by Kris | 2 responses | 4 minute read
I love the look of fringe necklaces, but I didn’t want one that was just a chunk of fabric store trim hot glued to some chain. This version requires more time than that would, but the results are worth the effort. In a few hours of measuring, cutting, knot tying and gluing I had a beautiful result. The same process would work with a wide variety of colors and fringe lengths.
The cord used in this example is Omega nylon cord in size 2. You could get several necklaces similar to this one from one 300 yard spool. I recommend Fray Check for this project because it dries nearly invisible. A clear jeweler’s cement would be a good alternative, or a clear drying craft glue could work if those aren’t available. The craft glue could darken the cord a bit, so you might want to test it ahead of time.
If you don’t want to bother with assembling the necklace you could find a chain that’s ready to wear and add fringe to that just as easily.
Supplies and Equipment:
- approx 18” of chain
- jumprings and a clasp
- thin nylon cord
- Fray Check or clear glue
- basic jewelry making tools
- optional – woodburning tool with cutting edge or candle to melt the cord ends
1. Cut the chain to the length you want your necklace to be, less about 1/2” to accommodate the clasp.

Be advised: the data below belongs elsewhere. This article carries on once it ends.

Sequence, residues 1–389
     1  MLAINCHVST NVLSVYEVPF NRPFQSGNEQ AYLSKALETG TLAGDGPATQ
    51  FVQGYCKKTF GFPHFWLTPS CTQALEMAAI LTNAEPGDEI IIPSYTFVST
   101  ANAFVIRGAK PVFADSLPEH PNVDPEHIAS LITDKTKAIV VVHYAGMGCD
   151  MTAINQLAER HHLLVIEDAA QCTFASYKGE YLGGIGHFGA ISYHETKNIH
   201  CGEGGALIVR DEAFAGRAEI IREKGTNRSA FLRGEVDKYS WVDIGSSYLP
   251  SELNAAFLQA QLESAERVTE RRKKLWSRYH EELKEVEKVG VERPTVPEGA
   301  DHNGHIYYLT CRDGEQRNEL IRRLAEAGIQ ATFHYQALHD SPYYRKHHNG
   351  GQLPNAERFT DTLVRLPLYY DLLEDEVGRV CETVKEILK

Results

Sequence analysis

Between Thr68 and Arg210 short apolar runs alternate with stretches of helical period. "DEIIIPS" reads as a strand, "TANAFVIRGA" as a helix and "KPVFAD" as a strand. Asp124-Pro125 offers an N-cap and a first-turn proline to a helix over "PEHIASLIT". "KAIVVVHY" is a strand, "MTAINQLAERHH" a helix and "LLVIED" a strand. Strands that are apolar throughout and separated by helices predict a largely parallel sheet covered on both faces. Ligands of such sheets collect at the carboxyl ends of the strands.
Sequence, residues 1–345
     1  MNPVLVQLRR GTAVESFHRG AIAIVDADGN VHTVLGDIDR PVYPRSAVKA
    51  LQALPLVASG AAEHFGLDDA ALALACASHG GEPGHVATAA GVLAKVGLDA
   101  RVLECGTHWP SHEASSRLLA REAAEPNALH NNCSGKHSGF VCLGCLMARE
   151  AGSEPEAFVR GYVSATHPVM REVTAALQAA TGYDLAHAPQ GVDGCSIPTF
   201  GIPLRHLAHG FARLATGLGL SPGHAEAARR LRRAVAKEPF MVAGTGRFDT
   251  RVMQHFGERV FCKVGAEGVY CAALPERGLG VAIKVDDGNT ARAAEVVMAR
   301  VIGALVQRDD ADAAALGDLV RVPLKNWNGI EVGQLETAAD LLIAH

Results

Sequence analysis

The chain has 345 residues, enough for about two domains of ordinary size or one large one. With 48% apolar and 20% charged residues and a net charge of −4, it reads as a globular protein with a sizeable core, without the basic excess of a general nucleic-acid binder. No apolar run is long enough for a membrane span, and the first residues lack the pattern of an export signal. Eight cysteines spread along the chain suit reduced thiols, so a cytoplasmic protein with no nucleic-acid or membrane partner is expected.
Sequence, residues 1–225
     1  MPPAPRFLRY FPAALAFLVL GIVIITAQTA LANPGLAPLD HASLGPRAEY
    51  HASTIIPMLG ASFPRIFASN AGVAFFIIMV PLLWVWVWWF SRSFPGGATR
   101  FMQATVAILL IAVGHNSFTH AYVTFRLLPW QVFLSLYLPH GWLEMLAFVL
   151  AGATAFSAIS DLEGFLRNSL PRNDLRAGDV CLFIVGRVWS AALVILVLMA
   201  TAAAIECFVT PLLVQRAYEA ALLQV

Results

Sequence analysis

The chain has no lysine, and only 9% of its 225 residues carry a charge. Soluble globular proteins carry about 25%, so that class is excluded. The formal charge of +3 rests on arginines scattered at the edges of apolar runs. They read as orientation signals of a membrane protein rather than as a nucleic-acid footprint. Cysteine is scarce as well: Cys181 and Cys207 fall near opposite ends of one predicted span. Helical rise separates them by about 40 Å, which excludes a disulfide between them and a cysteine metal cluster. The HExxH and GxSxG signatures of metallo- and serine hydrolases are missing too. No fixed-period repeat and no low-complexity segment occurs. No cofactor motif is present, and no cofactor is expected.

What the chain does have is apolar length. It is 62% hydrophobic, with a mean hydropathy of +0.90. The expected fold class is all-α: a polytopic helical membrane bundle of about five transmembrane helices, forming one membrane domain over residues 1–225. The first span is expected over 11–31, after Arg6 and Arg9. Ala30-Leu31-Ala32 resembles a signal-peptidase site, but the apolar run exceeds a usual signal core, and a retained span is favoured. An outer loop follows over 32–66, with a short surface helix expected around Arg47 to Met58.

2. Attach the clasp and jumprings to turn it into a necklace.
3. Put the necklace on, and measure how long you would like your fringe to be in front of a mirror.
4. Cut strands of cord twice as long as your target fringe length. You’ll need 2-3 strands per link on a small chain, more in a larger chain. The chain shown used 2 strands per link.
5. Fray Check or glue the ends of the cord to keep them from unraveling. Alternatively, you could use a heat cutting tool (they are often sold for woodburning) to cut the strands of fringe, or cut them with scissors and hold them near a candle flame for just long enough to melt the end. The woodburning tool and candle both carry more risk of injury so use them at your own risk.
6. Locate the center front chain link. Fold a fringe strand in half and push the two ends through the center link. Send the ends of the strand through the loop to form a lark’s head knot and pull it up snugly. Do this with as many strands as you’ll need for this link.
7. Repeat, working out from center, until you have as many fringe strands as you want. Use the Fray Check/glue to secure all of the knots in place to keep the fringe from coming loose. You’ll probably want to do this every few links if your cord is springy.
8. If your fringe isn’t hanging smoothly you can fix it by getting it wet and hanging it up to dry. Don’t do this until the Fray Check/glue has had at least 24 hours to set up, and don’t get the chain wet unless you know it’s made from something that won’t rust.